So we completed our talk..and it was a tremendous success. It was on Saturday night in Herbertstown Hall, Limerick and we had an attendance of 60 people from the locality. The advertising poster stated that those giving the talk were veteran pilgrims with the aim of passing on information to get people on “their way”. We received some good feedback at the end of the night and I would be eager to know if people do actually make their way to Spain as a result of our talk. Some people had walked from Sarria to Santiago previously with a tour group but wanted to return and walk another section.
We started the night by showing a short video, chosen by myself. It is by far my favourite and gets the spine tingling everytime I watch it. Afterwards, I started the talk with a brief presentation which lasted roughly 20 minutes. Trust me, speaking to a group is tough going, but I got into a stride shortly after I started. I suppose I wanted to talk about what people need to consider before they travel. I talked briefly about my own Camino experience and how I found out about it. I was eager to talk about the difference between my first Camino and my following four; my first being structured, and the following being fluid and I let my feet do the thinking. l also talked about the below topics:
- The History behind the Camino de Santiago
- Why is the Camino so popular?
- Why do people walk the Camino?
- The different routes to Santiago
- The popularity of the Camino Frances and why that is
- What are the best parts to walk giving alternatives to starting in Sarria
- How to travel to the Camino de Santiago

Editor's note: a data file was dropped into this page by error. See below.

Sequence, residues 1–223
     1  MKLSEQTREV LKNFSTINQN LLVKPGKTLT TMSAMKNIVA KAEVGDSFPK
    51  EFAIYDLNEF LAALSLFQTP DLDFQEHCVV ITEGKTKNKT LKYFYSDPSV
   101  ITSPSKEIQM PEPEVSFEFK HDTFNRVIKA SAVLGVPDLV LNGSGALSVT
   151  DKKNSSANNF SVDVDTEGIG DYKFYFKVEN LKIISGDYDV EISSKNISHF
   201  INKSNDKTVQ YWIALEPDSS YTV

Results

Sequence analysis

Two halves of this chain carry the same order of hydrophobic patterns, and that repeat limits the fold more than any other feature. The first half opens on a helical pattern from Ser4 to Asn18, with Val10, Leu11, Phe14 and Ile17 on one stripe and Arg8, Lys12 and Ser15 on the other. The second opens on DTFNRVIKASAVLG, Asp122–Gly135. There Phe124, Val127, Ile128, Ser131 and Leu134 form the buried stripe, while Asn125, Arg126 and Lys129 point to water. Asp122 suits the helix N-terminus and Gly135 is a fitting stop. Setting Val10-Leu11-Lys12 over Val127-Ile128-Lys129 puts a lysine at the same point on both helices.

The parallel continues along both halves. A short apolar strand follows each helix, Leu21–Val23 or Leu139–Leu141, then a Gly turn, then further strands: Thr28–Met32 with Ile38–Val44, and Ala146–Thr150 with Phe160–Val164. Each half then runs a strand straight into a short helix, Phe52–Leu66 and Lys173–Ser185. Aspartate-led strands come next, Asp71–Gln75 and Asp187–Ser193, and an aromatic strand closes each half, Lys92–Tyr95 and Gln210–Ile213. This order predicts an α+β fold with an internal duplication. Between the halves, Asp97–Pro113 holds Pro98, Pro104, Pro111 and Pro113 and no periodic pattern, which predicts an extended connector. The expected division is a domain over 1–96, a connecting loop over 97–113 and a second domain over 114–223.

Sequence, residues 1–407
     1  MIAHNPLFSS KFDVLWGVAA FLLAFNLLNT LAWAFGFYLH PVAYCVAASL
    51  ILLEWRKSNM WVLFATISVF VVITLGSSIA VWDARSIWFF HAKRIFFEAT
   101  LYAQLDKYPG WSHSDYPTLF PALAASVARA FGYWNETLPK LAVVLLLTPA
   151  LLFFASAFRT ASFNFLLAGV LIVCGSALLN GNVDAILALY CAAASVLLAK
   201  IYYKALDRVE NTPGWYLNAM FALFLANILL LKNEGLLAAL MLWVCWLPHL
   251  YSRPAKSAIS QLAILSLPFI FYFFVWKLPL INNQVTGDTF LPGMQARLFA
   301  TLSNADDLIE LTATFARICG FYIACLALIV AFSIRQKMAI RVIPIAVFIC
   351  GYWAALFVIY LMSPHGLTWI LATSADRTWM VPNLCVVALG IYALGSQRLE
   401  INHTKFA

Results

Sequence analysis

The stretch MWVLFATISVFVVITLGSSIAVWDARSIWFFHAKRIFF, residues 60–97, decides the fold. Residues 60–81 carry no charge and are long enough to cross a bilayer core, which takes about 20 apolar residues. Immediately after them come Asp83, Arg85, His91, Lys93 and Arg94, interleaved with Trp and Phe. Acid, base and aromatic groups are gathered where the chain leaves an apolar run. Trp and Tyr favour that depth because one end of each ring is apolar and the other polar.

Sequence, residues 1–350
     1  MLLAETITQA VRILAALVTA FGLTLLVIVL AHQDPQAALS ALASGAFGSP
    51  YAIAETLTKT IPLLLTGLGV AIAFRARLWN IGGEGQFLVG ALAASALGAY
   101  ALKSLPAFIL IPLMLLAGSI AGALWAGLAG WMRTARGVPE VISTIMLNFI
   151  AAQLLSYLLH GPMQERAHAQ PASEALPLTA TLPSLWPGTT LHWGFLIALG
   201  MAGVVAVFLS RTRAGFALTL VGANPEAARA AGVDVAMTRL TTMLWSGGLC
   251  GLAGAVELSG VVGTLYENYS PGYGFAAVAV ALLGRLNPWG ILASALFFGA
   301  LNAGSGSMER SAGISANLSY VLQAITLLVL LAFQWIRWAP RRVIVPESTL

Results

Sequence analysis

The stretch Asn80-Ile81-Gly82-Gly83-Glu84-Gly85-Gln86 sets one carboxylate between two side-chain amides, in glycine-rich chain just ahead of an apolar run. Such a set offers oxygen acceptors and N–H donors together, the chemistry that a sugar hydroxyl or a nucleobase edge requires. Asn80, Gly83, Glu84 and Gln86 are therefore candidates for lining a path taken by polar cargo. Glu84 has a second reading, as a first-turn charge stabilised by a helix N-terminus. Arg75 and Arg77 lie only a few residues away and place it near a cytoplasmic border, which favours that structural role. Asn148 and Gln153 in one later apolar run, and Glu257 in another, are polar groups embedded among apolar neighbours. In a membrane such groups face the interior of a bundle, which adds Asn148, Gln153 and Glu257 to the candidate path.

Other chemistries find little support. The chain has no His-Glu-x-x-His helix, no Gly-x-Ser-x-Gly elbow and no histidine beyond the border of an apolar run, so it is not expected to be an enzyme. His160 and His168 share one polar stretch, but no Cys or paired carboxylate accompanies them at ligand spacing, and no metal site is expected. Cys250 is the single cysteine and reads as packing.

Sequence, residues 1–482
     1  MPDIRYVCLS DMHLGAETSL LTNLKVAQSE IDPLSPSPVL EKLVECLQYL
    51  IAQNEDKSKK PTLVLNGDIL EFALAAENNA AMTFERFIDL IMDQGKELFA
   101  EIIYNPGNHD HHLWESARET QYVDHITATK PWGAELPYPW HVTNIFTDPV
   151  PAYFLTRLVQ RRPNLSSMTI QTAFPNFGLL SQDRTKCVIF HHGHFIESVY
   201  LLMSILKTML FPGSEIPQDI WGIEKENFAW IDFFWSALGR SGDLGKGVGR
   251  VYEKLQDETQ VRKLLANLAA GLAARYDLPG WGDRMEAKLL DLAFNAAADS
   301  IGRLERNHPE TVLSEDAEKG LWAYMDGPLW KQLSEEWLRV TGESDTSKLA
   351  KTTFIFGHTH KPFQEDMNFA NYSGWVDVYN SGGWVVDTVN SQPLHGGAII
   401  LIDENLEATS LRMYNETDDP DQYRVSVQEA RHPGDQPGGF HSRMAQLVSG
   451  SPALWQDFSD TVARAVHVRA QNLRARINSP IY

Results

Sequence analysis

- When is the best time to walk, and
- The advantages and disadvantages of walking in Spring, Summer, Autumn or Winter
Giving facts and figures may not be high up on a prospective pilgrim’s list of required information, but it may be a deciding factor should you wish to walk in July or in November.
Next up, another veteran talked about the practical elements to planning. We talked about the male and female rucksack and what items of clothing to bring. There was a lot of chatter in the audience when a sleeping bag was pulled out from the rucksack! Many of the people who attended have not heard of the Camino, or have walked through a tour company, so carrying a rucksack and sleeping bag would be new to them. The different types of accommodation and their costs were discussed next. The following topics were discussed also:
- Food tips – where to eat?
- Costs – we stressed that €30 to €40 is plenty to spend in one day, should you hope to stay in albergues
- Camino etiquette
- Finally, the credencial and compostele was shown to the audience.
To finish up the evening, we were treated to a Camino story by Neil Horgan, a storyteller whom I met in Burgos 2013. He is a pleasure to listen to and his story gave the night a human element. We were treated to stories about the people he had met on his time in Spain in 2013. He had met all types of people from all over the world each with one goal..to walk to Santiago.
Questions were taken by the three of us from the audience. Most of the questions were about accommodation – is there a need to book ahead? All three of us had walked numerous Caminos and only once could we not find a bed. While the option is there to book ahead, it was stressed that there is no need. New albergues open every season and if two are full, another one will have free beds. People like to book through tour operators to have “peace of mind” but doing so forces you to stick their plan. We discussed the option of having your backpack transported by services such as Jacotrans, should you need to do so.
When the talk was over, we provided the audience with an information sheet with links, transport information and packing lists.